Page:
Overall, due to the diversity of peoples, a great many languages are spoken in the country. 214 has been counted! But there are four national languages that are used for communication. They were set by Belgium in the colonial times to limit the diversity of languages. All laws must be published in French and these four national languages.
In the northwest, Lingála is this lingua franca. It is a Bantu language originally spoken by the Bangala people along the Congo River. It mingled with other Bantu languages to form Lingála. The Europeans also used Lingála for communication in the colonial times. Lingála is not the language of instruction, but it is widely used in media. It spreads south, into the Kikongo language area.
Kikongo is spoken in the west of the country, around the capital Kinshasa. It is the language of the Congo people. As a simplified version of the Bantu language Kikongo, many also speak Kituba. This creole language is based on the Kikongo.
The third national language is Tschiluba. It is spoken in the two Kasai provinces in the south of the country (Kasai-Occidental and Kasai-Oriental). Tschiluba is also a Bantu language, originally that of the Baluba (or Luba) people.
Swahili is spoken in the east of the country. In German this language is sometimes also called Swahili or Kiswahili. It is the most important lingua franca in East Africa. A Congolese dialect of Swahili is spoken in the DR Congo. The language is also used in school.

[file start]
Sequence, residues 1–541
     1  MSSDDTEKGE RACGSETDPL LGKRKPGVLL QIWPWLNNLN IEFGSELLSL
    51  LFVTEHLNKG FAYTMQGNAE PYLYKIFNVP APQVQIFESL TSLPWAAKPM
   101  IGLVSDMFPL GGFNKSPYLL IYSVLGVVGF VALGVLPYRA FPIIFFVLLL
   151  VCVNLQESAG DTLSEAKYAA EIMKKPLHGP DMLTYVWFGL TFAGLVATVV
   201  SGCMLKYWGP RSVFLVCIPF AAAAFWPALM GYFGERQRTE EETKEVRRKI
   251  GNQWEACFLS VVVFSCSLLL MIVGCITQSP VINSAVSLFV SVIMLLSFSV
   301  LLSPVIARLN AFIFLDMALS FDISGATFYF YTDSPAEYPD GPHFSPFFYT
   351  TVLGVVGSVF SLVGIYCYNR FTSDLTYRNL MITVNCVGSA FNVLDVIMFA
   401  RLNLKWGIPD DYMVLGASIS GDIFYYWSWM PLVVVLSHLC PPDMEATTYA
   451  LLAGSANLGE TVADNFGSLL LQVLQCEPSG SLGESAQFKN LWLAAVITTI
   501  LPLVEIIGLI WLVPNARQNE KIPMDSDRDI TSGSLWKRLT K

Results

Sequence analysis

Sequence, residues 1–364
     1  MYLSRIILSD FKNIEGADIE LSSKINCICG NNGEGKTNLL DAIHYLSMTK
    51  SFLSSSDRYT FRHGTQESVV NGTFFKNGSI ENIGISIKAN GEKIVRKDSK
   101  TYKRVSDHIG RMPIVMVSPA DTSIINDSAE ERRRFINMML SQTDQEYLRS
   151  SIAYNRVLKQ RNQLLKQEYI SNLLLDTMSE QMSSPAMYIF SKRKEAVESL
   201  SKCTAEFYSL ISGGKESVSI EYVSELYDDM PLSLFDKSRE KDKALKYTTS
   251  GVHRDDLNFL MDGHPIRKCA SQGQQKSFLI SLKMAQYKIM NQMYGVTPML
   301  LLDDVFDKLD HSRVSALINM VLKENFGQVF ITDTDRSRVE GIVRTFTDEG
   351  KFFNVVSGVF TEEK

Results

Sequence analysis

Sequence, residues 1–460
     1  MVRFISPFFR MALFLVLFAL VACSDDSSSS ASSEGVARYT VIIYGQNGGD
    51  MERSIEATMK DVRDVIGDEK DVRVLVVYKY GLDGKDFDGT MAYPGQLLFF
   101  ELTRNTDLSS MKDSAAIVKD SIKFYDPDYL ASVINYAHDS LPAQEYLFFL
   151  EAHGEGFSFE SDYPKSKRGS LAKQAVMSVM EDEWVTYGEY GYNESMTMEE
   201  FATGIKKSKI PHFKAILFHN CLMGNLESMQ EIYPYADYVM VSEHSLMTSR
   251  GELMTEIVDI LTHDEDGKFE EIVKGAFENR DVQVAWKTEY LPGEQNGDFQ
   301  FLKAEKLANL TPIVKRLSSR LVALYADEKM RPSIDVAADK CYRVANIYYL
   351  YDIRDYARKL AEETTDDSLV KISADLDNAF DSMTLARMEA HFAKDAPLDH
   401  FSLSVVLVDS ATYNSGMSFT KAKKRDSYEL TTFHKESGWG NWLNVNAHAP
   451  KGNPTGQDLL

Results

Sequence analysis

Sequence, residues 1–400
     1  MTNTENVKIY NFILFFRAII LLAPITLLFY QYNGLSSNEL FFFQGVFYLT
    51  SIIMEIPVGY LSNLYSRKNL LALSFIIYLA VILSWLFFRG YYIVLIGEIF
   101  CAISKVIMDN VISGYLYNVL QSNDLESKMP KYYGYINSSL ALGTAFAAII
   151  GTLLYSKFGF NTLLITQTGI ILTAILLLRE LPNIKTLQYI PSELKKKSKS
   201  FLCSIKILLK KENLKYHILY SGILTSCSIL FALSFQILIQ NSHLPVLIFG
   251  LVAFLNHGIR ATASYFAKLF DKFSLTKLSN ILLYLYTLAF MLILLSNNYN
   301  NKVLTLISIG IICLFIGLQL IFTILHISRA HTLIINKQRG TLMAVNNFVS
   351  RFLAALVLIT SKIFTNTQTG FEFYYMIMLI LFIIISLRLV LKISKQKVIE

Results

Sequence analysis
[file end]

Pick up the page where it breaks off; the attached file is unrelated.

Religions in Democratic Republic of the Congo
80 percent of the Congolese are Christians. They are divided into 50 percent Catholics, 20 percent Protestants and 10 percent Kimbanguists. The latter is an independent Christian church. The Kimbaguist Church was built in the 1950s. Its followers follow a prophet of their own, namely Simon Kimbangu, who died in 1951. He fought against the Belgian oppression in 1921 and was considered by the Congolese to be their savior. 10 percent of the population are followers of Islam.
The Portuguese were already engaged in missionary work when they arrived in 1482. Many Congolese were converted to Christianity in this way. Even the King of the Kingdom of the Congo was baptized. In the 19th century there was another time of proselytizing, now also by Protestants. Often, however, traditional ideas still play a role with people, such as the belief in animated things and spirits. This is sometimes mixed up with elements of Christianity.